Cameras are rolling in several parts of Oman: from Mutrah, Barka, to Sur, Musandam and Jebel Akhdar. Oman is officially positioning itself as a top filming destination — not just for Hollywood but also Arab and Bollywood producers. Hollywood actress Kristen Stewart, from the ‘Twilight’, came to Oman to shoot scenes for ‘Personal Shopper’, a ghost story set in the fashion underworld, which had scenes shot in Nizwa and Bahla.
Offering ‘spectacular deserts, pristine beaches, clear blue seas, wadis and even snow-capped mountain scenery’, Oman is promoting the country’s diverse topography as an ideal location to shoot films. The country has already signed several agreements with production companies to give a push to the national cinema endeavour.
Cinema in Oman is an uncharted research field not only for the film industry and audience behaviour, but also as an activity that provides jobs. The literature on cinema in the country is from sparse to non-existent. Information is fragmented, sometimes not updated, or unverified.
Omani cinema industry is still in its infancy despite efforts from cinematic enthusiasts for at least two decades. Nonetheless, the love Omanis have for film-making is remarkable — there are a number of prominent film-makers, but many of these talents are abroad or end up working overseas due to limitations at home.
Omani film enthusiasts are producing short documentaries focusing on social issues, such as the most recent production ‘Dear News Editor’, a seven-minute film shot in Muttrah on propaganda, terrorism and Islamophobia. The film won four awards at the recent Bahrain Film Festival, including Best Film and Best Actor (starring journalist Kabeer Yousuf). The benefits of short movie productions are to gain experience, to develop a network, and showcase in international film festivals. An opportunity might fall into one’s lap.
Since the first Omani film ‘AL-BOOM’ debut in 2006 — as a first step towards the cinematic industry- filmmaking is yet to establish itself, successfully. The best film-making reference in Oman is Salim Bahwan. The actor and director, Salim left a legacy with his productions: Kissah Mahra (Mahra Story), Baht an Mushtaheel (Search for Impossible); Maraah FI Alomer (Once in a Lifetime).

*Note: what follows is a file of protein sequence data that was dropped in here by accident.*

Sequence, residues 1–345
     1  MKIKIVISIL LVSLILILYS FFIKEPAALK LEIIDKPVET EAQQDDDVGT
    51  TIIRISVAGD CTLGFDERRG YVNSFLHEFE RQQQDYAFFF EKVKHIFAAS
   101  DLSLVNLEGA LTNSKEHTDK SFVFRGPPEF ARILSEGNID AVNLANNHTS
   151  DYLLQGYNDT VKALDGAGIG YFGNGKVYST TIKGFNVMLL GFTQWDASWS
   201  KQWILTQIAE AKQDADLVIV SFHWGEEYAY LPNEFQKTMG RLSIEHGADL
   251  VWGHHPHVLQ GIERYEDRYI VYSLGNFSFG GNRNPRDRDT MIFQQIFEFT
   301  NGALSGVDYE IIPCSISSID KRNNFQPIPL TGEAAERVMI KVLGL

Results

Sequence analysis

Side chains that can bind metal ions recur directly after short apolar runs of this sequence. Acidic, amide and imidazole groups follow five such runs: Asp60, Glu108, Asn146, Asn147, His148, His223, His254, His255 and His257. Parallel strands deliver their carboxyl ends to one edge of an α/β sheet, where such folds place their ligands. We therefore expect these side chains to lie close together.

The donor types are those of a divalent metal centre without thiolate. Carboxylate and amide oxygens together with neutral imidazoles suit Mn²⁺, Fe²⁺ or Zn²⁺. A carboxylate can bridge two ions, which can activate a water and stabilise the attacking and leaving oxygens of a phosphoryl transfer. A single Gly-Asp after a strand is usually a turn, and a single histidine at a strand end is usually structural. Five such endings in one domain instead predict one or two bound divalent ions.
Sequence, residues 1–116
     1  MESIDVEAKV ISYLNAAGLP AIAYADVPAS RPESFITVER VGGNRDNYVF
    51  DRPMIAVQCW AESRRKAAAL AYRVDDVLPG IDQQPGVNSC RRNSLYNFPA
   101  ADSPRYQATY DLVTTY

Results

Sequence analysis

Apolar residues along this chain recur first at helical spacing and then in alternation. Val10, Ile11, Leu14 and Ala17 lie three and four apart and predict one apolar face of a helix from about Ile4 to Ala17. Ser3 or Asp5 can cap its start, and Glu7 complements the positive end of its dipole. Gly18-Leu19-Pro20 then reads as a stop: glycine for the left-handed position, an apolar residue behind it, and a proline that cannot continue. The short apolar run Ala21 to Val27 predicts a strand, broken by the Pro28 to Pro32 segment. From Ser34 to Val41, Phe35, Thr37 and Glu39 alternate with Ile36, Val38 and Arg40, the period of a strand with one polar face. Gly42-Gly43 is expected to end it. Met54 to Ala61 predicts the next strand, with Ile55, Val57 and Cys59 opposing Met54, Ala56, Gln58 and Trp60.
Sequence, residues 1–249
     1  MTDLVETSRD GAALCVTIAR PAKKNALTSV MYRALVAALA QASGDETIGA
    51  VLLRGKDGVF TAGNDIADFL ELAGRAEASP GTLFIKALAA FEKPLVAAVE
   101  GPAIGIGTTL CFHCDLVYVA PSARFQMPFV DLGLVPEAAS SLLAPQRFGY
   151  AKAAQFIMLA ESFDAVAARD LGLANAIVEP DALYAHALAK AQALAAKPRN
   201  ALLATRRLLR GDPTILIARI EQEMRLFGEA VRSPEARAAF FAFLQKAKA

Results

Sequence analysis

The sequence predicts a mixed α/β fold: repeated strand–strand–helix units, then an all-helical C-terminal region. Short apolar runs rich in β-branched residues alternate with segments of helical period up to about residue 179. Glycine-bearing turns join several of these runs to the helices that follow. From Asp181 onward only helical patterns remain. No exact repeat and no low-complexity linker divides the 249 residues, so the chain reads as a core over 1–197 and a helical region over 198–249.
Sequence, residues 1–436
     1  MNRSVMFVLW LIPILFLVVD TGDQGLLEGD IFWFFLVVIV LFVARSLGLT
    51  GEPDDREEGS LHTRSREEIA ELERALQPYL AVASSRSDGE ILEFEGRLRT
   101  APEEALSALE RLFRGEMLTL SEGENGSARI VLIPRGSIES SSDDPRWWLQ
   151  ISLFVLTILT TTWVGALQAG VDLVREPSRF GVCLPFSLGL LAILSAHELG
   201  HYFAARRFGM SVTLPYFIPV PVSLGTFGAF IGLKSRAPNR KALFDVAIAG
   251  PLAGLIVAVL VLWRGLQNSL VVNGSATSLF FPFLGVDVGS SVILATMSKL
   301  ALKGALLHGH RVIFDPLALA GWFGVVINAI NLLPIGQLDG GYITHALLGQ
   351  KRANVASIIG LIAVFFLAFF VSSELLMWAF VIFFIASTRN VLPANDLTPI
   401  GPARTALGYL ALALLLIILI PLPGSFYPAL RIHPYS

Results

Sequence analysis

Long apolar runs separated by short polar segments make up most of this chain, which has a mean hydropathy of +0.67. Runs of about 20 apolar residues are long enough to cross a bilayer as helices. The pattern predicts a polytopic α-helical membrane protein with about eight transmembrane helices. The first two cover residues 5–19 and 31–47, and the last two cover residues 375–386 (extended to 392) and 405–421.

As part of the 2018 Muscat International Film Festival (MIFF), the organisers are honouring the actor and director for his contribution to film-making and cinema culture in the country.
Oman has a very small local pool of directors, directors of photography, and still photographers. There were occasions when the leading actress and cinematographers had to be hired from neighbouring countries, such as the UAE actress Rania al Ali and Atish Verma, a cinematographer who performed in Salim’s film such as the ‘Mahra Story’.
Several movies have already been fully or partly filmed in Oman, which has helped raise Oman’s global profile. For example, the Malayalam movie ‘Vellivelichathil’ (Silverlight) is the first Indian movie shot on locations in Oman (2014). ‘Operation Oman’ (2015, UK- Oman), had scenes shot in Salalah; ‘Pirate’s Blood’ (2010, USA –India), a horror thriller with Salim Bahwan acting, was filmed in Sur. These films engaged local actors.
So, what? While it is true that the local cinema industry is still an amateur experience, it is also true that the history of cinema in Oman is relatively new.
There is plenty of room for improvement. Film-making enthusiasts and movie-goers believe that without a cinematic culture, there is a lack of film education, and therefore, movies are distorted under the scissors.
Without a homegrown film industry, the country lacks skilled film crew and post-production facilities; plus, it misses the potential to create jobs.
As the curtains come down on the Film Festival, a post-event soul- searching examination should hinge on the benefit of the nation’s film industry, and education. After all, cinema is the first electronic medium that created mass media audience in history.